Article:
He caught at her arm as she prepared to head upstairs. "I don't believe your quarters are in quite that direction," he pointed out. His eyes reflected his unvoiced questions.

"I need to check on my students," McGonagall returned stiffly. Unaccountably, she glared at the man in front of her. He, as Head of the Slytherin House, should understand the duties a fellow Head had to her students! She had to make sure none of them were reacting too badly to the night's happenings.

Her glare intensified as her anger grew. How dare he stand there in front of her? She transferred her eyes to his left arm, where only hours ago she had seen the Dark Mark burned black upon her colleague's arm. Her anger deepened to hatred. He had caused so much damage, taken so many innocent lives, and now he stood here arrogantly before her while his old master had returned! Her mind told her that Severus had been a spy, that he was on Dumbledore's side, but her heart, weary and sickened by the night's events, desperately latched onto this oh-so convenient target.

Snape, unaware of the direction of her thoughts, merely nodded. "Of course. As do I." The faint undercurrent of sarcasm and malice that always colored his voice grated at McGonagall's nerves.

"And why is that?" she challenged. "Do you need to ensure that the celebrations are not making too much of a mess in the Common Room?" She plunged on, regardless of the rage that crossed Snape's face or the angry, helpless tears that threatened to spill down her cheeks. "Your students are probably rejoicing – and well should they be; their master is back! And you don't have to worry!" Her voice was becoming hysterical. She was so worried, so worried about her students – her poor, innocent students, many of whom would lose their parents and friends in this war – and here was a man who was safe, not responsible, safe! "The Dark Lord will stay away from Slytherin – your students are safe!"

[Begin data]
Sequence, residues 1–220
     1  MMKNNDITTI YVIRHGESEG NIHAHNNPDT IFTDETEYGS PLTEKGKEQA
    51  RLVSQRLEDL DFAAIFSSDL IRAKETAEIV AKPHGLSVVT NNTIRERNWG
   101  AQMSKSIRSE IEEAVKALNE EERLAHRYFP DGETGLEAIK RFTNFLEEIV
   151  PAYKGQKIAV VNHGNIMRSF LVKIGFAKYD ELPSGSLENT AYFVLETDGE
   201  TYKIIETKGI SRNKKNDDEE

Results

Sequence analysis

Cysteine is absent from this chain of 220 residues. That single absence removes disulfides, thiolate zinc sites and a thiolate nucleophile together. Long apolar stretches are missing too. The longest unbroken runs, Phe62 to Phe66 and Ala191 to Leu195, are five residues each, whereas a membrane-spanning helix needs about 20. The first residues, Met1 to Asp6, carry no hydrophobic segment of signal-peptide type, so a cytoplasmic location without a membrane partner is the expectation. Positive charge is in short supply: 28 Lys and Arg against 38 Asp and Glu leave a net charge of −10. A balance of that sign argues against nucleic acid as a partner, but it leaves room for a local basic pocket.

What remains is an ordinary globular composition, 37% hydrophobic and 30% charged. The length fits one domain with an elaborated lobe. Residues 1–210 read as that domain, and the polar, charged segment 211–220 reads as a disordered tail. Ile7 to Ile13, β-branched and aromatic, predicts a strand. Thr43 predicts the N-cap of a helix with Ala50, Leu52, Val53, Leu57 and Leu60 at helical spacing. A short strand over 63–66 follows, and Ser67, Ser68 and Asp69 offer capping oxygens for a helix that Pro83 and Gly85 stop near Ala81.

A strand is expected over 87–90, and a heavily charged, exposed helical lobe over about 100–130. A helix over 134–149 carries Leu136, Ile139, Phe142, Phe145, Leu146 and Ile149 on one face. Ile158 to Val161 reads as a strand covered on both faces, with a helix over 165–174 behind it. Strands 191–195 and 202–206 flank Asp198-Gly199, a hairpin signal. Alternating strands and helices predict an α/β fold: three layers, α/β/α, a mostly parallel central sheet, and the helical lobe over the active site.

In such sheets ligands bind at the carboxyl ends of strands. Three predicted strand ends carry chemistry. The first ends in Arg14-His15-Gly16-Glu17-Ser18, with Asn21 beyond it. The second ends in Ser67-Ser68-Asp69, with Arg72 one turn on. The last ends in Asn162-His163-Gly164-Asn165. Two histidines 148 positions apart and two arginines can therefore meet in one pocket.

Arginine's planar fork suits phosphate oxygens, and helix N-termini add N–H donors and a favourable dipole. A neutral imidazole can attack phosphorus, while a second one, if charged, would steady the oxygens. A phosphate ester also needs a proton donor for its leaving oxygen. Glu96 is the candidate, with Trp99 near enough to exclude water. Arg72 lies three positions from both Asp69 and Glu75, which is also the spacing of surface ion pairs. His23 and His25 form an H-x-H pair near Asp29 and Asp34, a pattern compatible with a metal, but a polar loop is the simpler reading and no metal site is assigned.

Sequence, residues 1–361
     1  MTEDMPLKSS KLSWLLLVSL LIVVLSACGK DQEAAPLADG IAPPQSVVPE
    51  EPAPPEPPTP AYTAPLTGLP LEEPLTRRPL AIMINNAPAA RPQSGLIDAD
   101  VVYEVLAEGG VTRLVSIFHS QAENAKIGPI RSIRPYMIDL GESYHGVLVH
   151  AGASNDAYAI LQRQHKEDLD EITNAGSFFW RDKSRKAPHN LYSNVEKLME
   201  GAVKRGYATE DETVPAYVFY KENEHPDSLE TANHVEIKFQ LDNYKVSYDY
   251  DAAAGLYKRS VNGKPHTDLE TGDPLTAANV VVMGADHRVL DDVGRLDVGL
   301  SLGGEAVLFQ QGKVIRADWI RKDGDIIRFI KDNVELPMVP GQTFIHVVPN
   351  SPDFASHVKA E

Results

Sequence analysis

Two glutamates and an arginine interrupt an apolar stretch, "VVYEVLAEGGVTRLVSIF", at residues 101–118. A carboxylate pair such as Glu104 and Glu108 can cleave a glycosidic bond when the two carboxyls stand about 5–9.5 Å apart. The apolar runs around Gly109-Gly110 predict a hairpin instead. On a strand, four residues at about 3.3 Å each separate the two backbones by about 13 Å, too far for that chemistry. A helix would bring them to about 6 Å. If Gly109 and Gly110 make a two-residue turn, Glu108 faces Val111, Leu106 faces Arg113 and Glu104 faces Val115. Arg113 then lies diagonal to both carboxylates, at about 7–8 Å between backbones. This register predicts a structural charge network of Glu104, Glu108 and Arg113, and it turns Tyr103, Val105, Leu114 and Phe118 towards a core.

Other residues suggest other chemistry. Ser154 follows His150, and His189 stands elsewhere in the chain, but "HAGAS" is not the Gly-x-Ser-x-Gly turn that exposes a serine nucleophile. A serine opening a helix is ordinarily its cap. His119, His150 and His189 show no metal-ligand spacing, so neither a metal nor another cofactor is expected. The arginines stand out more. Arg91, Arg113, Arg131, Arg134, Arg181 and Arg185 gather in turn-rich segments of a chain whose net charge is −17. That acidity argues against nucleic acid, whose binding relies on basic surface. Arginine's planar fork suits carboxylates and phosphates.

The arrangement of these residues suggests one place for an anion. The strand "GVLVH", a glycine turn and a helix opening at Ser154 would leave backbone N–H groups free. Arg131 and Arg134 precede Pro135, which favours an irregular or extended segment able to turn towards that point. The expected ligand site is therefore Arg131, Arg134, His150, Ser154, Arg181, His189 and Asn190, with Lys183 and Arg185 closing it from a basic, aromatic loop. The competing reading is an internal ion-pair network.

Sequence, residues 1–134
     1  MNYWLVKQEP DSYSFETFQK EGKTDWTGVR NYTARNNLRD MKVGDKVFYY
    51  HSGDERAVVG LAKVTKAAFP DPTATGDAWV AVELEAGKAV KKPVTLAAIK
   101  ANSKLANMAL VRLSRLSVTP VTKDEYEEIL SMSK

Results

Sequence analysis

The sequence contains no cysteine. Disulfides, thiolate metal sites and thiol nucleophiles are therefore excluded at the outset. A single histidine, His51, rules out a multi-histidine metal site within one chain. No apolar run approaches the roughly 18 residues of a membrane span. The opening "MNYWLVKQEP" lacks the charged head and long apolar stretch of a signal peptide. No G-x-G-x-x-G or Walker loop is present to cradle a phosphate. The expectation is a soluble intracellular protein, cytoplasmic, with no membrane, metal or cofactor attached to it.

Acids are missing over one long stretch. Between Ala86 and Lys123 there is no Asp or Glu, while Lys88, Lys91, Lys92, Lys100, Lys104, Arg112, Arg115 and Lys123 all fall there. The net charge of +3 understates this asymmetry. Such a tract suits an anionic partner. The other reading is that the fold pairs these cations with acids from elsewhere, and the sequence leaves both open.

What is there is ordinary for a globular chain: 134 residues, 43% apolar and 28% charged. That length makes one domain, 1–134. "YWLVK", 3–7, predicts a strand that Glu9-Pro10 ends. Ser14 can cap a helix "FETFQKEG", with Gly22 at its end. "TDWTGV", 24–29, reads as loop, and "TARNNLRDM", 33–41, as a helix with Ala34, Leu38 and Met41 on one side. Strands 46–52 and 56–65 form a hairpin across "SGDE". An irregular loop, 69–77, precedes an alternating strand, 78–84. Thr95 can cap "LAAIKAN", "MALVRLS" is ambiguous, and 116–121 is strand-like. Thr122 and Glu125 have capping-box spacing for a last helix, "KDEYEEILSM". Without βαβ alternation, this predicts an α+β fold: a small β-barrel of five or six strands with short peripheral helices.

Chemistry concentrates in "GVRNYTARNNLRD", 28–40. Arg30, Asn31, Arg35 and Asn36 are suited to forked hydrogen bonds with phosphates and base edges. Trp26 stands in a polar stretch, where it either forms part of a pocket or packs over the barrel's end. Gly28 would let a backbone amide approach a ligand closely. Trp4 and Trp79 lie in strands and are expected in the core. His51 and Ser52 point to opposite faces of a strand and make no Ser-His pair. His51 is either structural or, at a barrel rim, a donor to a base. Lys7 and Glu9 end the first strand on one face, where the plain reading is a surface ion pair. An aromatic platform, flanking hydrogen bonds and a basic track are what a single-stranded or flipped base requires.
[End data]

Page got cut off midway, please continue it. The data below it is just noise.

Snape took two steps forward, viciously backing Minerva against the wall. For a few terrifying moments, she was sure he was going to strike her – but she didn't care; she didn't care about anything except that he be made to feel some of the overwhelming weight of responsibility and fear that crushed her now –

Severus's voice was low and hard. "My students," he ground out, "are never safe – and neither am I."

"Oh?" she returned. "So you take no pleasure in the fact that your master has come back from the dead?" That was unfair, and she knew it was unfair, but an unreasoning rage riddled with fear had taken control of her. She needed someone to blame.

"I have prayed every night that my instincts were wrong, and that he would not return," Snape hissed. "Do not presume for a moment to know my thoughts." He released her and began to walk away.